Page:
wxWidgets is a C++ library that lets developers create applications for Windows, Mac OS X, Linux and other platforms with a single code base. It has popular language bindings for Python, Perl, Ruby and many other languages, and unlike other cross-platform toolkits, wxWidgets gives applications a truly native look and feel because it uses the platform's native API rather than emulating the GUI. It's also extensive, free, open-source and mature.
Google Summer of Code 2014 wrapped up back on August 25th, and we're pleased to announce that all six of our students passed their evaluations! We wanted to share the results of these projects today.
wxGraphicsContext using Direct2D - Alexandru Pana has brought together a very functional Direct2D wxGraphicsContext renderer for Windows 7 and later. This work has been merged to wxWidgets SVN trunk. You can review a summary of what has been done here. Be sure to check out the "drawing" sample!
wxTaskBarButton under Windows Vista/7+ - Chaobin Zhang has implemented the native Windows 7 taskbar functionality with a very clean and easy to use API available through wxTaskBarButton. This project was cut short of an OSX implementation, however, nearly every native feature of the Windows 7 taskbar is available for use, and has been merged to wxWidgets SVN trunk. We would encourage others interested in working on the OSX implemention to get involved now that GSoC has ended. Here's an overview of the features, and be sure to check out the new "taskbarbutton" sample.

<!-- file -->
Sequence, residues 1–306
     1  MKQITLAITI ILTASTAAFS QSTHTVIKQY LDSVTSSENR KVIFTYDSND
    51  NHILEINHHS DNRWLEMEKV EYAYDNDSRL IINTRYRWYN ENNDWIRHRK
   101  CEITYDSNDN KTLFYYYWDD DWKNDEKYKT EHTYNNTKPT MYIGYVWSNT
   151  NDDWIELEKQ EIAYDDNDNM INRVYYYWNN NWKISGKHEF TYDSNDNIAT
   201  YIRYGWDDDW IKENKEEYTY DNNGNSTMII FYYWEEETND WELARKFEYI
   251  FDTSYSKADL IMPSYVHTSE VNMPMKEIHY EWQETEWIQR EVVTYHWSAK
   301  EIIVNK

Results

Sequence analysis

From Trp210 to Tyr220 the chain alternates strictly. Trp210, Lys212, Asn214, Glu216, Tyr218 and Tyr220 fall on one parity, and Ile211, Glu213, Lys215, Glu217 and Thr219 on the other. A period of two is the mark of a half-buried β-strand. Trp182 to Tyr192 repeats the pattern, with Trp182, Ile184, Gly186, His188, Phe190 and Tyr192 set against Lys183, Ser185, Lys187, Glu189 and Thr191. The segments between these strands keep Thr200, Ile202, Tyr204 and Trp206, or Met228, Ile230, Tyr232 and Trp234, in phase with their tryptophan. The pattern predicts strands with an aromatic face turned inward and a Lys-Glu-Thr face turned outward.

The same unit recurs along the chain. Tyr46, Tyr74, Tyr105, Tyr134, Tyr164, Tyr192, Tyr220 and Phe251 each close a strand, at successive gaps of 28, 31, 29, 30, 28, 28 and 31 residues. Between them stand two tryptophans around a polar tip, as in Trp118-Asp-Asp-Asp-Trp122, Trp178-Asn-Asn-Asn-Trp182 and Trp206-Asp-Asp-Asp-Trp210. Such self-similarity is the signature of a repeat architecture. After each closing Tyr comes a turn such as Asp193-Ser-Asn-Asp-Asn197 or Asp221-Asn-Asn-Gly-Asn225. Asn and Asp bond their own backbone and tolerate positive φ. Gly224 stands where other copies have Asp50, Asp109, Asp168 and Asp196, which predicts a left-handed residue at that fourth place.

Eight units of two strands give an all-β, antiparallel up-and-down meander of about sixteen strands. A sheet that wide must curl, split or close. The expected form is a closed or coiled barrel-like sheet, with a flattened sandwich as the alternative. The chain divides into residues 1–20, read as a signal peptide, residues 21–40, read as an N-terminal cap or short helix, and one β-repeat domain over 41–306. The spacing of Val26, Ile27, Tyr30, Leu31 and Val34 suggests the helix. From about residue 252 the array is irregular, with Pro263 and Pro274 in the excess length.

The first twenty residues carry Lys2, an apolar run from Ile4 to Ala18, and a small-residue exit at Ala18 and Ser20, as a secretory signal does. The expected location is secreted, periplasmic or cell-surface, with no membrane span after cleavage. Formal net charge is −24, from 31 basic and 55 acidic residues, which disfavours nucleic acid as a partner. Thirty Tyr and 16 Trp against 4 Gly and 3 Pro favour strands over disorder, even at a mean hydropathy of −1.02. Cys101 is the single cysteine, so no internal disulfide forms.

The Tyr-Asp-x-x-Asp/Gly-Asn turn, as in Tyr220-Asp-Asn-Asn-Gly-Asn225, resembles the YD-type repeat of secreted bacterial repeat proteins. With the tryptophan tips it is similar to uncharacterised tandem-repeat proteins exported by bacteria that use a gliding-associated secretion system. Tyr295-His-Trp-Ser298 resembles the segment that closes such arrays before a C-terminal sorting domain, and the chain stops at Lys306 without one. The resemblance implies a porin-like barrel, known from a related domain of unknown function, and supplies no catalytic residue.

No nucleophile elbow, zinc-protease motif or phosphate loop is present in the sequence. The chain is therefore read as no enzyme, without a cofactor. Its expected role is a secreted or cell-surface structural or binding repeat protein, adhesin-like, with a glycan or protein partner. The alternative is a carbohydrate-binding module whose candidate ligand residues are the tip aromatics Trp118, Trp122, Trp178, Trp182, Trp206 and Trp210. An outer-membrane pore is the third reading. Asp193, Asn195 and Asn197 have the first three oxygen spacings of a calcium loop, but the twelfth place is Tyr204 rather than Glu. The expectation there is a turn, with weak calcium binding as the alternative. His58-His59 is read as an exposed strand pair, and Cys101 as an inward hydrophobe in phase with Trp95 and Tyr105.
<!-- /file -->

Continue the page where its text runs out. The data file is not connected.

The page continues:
Chromium backend for wxWebView - Haojian Wu has brought wxWidgets the ability to integrate a single common, modern browser engine on all platforms based on the CEF3 library. This adds wxWebViewChromium to wxWidgets, but requires a bit more work to enable out of the box due to library dependencies. This has not been merged to SVN trunk yet, check out the pull request to get involved in the review, and it's new "webview_chromium" sample. Here's the overview of the project as well.
wxQt Port - Mariano Reingart continues the work from Peter Most, Javier Torres, Kolya Kosenko, and his own work even back in 2013, building out the new Qt-based wxWidgets port to a usable state. Being one of the more ambitious projects, we're very pleased to see the success of this project. We'd also like to thank Sean D'Epagnier for his help as well. This work has been merged to SVN trunk. Check out the installation instructions, the project overview and wxQt status, and the merge pull request with screenshots.
wxAndroid Port - Nikola Miljkovic worked on this fresh new port, with the goal of building just a single minimal sample into an Android app. The majority of this project involved working out the details of wrapping wxWidgets C++ calls through JNI just for the main required application components. Nikola has achieved this as seen by the wxWidgets-based android app in the Google Play Store, but to be clear, this port still requires a lot of work before it's usable. There aren't any plans to merge this to SVN trunk just yet, but we would encourage interested developers to check out the documentation, and the SOC2014_ANDROID branch Nikola has been working on.
wxUniversal Cleanup - Sun Boxiang chose to tackle general issues with our very neglected wxUniversal port. About 80 unique issues were resolved while expanding the test coverage from 308 to 518 unit tests. This work has not been merged to SVN trunk yet, but hopefully soon. In the mean time, check out the project overview, and the development branch.